Read the full story here.

Turn off the dark with this mirror that scatters sunlight around the room

Lucy is a solar mirror from Italian designers Solencia that can illuminate a room with 7,000 lumens of light, more than the 5,000 lumens needed for a 250-square foot room. Lucy can also be used outdoors, and it only weighs about five pounds, so you can easily move it back and forth between a couple of spots, depending on your needs. Of course, Lucy is also smart and self-reliant. It can turn itself on in the morning and shuts off at night when there’s no more sun to chase.

Read the full story here.

Exploride is a connected heads-up-display you can add to any dash

Exploride, a Maryland-based startup, has launched a new product that the company calls the world’s first all-in-one HUD. Using simple gesture and voice controls, drivers can take or decline phone calls, access Google Maps navigation, control music, hear texts, and monitor tire pressure, all from one place. There’s also an inbuilt 3 MP dash cam, cloud storage capability, and tons of apps available, including Spotify, Apple Music, Twitter, Facebook, and more. To finance the HUD’s manufacturing costs, Explored launched an Indiegogo campaign.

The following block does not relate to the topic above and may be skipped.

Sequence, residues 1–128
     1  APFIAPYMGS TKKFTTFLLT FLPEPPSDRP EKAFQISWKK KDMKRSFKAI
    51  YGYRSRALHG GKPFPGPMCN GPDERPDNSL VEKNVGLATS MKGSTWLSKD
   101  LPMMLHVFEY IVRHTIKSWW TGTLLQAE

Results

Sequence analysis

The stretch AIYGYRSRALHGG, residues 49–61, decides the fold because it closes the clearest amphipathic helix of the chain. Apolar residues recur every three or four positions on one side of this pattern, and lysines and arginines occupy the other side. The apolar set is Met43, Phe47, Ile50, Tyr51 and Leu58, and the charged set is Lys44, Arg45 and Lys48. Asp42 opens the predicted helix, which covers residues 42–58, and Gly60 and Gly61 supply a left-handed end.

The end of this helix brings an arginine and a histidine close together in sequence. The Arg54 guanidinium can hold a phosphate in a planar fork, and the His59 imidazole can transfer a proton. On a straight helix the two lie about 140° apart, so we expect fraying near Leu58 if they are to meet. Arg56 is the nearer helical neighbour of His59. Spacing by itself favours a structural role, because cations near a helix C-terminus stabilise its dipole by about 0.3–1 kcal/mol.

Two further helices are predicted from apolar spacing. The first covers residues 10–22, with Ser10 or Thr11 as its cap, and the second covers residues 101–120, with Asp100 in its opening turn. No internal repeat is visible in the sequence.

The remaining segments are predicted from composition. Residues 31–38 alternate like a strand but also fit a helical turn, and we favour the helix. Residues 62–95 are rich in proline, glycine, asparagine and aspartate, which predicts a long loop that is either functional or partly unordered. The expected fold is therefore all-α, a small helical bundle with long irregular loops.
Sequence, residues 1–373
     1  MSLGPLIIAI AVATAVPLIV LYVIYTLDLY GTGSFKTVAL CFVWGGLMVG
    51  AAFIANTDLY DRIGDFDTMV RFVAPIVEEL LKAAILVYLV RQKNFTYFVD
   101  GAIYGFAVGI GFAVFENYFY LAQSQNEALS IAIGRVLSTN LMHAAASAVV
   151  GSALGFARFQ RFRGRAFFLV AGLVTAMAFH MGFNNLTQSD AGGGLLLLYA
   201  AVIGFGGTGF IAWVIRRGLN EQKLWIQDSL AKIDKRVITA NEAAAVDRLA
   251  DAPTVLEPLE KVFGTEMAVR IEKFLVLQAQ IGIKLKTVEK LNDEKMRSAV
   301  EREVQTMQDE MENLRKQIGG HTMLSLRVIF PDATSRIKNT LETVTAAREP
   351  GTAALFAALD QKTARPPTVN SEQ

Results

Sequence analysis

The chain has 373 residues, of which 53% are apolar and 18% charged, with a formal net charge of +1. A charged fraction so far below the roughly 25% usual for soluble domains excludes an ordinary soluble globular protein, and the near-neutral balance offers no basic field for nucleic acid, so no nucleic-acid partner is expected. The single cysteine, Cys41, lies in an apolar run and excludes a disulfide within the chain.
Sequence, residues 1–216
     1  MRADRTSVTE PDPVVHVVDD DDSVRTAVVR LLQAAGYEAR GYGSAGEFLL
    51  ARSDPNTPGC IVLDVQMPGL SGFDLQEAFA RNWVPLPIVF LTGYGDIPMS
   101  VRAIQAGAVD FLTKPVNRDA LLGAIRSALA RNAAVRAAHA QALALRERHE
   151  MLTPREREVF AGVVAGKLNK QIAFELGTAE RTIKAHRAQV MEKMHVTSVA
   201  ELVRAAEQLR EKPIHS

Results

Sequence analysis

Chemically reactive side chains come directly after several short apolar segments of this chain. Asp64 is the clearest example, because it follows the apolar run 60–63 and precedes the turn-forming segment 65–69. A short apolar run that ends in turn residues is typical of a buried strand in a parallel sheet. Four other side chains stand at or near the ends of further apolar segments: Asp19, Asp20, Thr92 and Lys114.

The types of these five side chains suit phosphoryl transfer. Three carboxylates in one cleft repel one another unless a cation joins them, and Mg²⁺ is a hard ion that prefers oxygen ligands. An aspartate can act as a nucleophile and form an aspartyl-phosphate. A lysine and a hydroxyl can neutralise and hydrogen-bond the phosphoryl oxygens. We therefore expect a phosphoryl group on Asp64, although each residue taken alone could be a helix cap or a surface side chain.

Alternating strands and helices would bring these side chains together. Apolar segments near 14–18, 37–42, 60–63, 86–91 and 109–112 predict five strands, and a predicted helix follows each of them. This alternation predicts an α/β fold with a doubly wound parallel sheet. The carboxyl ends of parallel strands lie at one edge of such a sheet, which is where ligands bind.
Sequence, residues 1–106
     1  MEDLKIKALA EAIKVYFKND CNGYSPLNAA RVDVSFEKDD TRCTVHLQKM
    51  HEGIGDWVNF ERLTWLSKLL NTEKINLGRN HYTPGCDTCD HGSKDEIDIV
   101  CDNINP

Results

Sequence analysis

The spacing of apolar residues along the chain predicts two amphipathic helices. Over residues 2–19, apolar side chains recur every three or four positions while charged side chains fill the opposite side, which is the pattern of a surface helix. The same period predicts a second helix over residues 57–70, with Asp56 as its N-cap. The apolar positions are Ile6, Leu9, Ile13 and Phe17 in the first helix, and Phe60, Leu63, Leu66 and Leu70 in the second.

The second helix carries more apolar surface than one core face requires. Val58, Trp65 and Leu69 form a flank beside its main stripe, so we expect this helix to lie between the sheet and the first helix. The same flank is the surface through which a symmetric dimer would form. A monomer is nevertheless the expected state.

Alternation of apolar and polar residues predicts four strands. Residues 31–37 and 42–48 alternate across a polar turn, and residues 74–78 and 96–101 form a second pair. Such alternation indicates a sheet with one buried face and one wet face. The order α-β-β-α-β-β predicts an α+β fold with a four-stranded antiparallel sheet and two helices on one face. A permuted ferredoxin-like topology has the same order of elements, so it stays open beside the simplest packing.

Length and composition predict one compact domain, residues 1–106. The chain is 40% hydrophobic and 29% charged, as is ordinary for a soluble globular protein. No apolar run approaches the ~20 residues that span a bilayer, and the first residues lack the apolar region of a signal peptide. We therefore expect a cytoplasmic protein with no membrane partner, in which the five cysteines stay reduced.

Read the full story here.

An Apple Music festival, featuring Pharrell and more, is coming in September

Apple Music

Apple scored some pretty big names for its inaugural Apple Music Festival, which will be held at London’s Roundhouse from September 19-28. Headliners include Pharrell Williams, One Direction, Florence + The Machine, and Disclosure. The festival will be streaming on Apple Music and iTunes for those who can’t attend. Meanwhile, a recent study says that 61 percent of Apple Music subscribers have changed their account settings to ensure their subscription won’t auto-renew once the trial expires. Apple disputes the claim, though.

Read the full story here.